2 young friends state their cases for and against an afterlife.
A drunken couple in a small town finally have enough of each other.
We don’t get a lot of those around here. Murders are big city problems. We’re a small community without admirers. No one comes here to visit, but everyone who lives here likes the quiet. We’re dull in a good way I guess. Crime, when it comes, is of a type and manner that would make for horribly boring television.
I’m a photographer for the Police Department. I spend most of my days taking what I think of as the world’s most mind-numbing still lifes. Close ups of factory made windows. Floor plans for the dullest apartments and houses. I’m there to document a crime, but most times a detailed drawing would work as well. The investigators simply need to know where the hell everything was.
It was a real mess too. An older couple, Mattie and Jon Groff, who had been together for years, went nuts on each other one night. Nobody knows why. Other than Mattie and her lawyer. I can’t remember what they plead it out too. She went to jail at 61 is all I remember. A life sentence really at that age, even if it wasn’t cold-blooded murder in the end.
They were known around town for being that kind of couple. Always screaming at each other in public. Always a little tipsy.
But still, everyone was surprised. They made big scenes all over town, but they never hurt each other until that night.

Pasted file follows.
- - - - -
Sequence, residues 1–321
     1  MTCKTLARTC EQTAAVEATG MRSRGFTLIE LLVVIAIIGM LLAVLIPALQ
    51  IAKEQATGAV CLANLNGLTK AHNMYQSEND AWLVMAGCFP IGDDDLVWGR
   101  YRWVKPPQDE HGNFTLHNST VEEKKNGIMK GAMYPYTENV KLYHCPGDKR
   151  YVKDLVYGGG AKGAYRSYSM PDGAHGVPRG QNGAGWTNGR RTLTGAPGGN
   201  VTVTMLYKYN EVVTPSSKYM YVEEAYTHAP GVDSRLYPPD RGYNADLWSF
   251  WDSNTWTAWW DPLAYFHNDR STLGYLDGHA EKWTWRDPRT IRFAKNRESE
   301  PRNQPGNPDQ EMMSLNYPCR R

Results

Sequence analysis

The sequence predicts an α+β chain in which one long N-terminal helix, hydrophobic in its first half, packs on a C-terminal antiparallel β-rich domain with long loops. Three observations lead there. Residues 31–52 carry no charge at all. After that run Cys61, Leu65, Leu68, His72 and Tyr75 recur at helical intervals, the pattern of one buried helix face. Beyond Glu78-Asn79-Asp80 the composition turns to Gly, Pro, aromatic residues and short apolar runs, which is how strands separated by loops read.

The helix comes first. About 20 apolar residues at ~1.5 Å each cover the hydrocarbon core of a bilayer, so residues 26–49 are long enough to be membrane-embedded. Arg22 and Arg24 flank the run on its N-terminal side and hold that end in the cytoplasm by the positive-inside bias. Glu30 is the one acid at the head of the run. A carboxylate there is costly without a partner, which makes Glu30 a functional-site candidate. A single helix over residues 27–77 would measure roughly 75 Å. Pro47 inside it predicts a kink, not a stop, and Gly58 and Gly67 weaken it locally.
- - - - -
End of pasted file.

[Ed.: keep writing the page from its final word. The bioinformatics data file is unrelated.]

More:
He was cranky as hell, but didn’t poke student’s hands with pencils or make you sit with a broomstick tied to your back or any of that other crazy shit piano teachers do if they’re jerks. He wasn’t a jerk. A grouch, absolutely, but he cared about the music and his students I think.
He drank during lessons, but most parents never noticed. Only a few of us kids realized he was getting boozed up. But he was a happy drunk. Confrontational, but happy and seemed more passionate about the music the more he drank.
“This is Saturday morning cartoons you’re playing!”
“But this is on the cartoons.”
“Well play it like you hear it then, not like you’re goddam Bugs Bunny!”
He didn’t make a lot of sense, but I don’t know. I remember him as a good teacher. I wonder if he’d been the survivor if I’d remember things differently. I don’t think so.
She worked at the post office. A letter carrier. She knew everyone on site and not just by the names on electric bills. She was nice to dogs, even the ones who barked at her everyday. She wouldn’t take tips from everyone at Christmas. She always took our card, but I saw her so many times hand one back to our neighbors as if she didn’t accept them from anyone. The Cartwrights were always just scraping by. Nice people. I always assumed that’s why Mattie behaved that way.
I saw her drink on the job too. Not as much or as often as Jon, but they must have been pretty high-functioning drunks for years.
The day it happened I had to take pictures of Mattie too at the crime scene. I’ve had to take pictures like that my whole career, almost always domestic violence cases. Even the bar fights don’t usually involve taking pictures of someone in as rough a shape as Mattie was that day. But strangely she was in handcuffs and numbly void to the world around her. She had cuts to her arms and face. Bruises starting to show already too. She was the very first thing I photographed before I went inside the house. If I’d stopped right there I would have wanted to know who did such a horrible thing to her.
Inside was, well: murder.
Jon wasn’t cut. He was tenderized. She used an empty gin bottle that refused to break and functioned in that way like a lead pipe. It was on the floor beside him and so red it took me a full minute of photographing it to realize what it was.
We’re a small, quiet town though. To this day. I’ve been shooting crimes scenes for over a decade now and it never got as rough as that first night. I still can’t believe it. None of us can.
They were, you know, such a nice couple.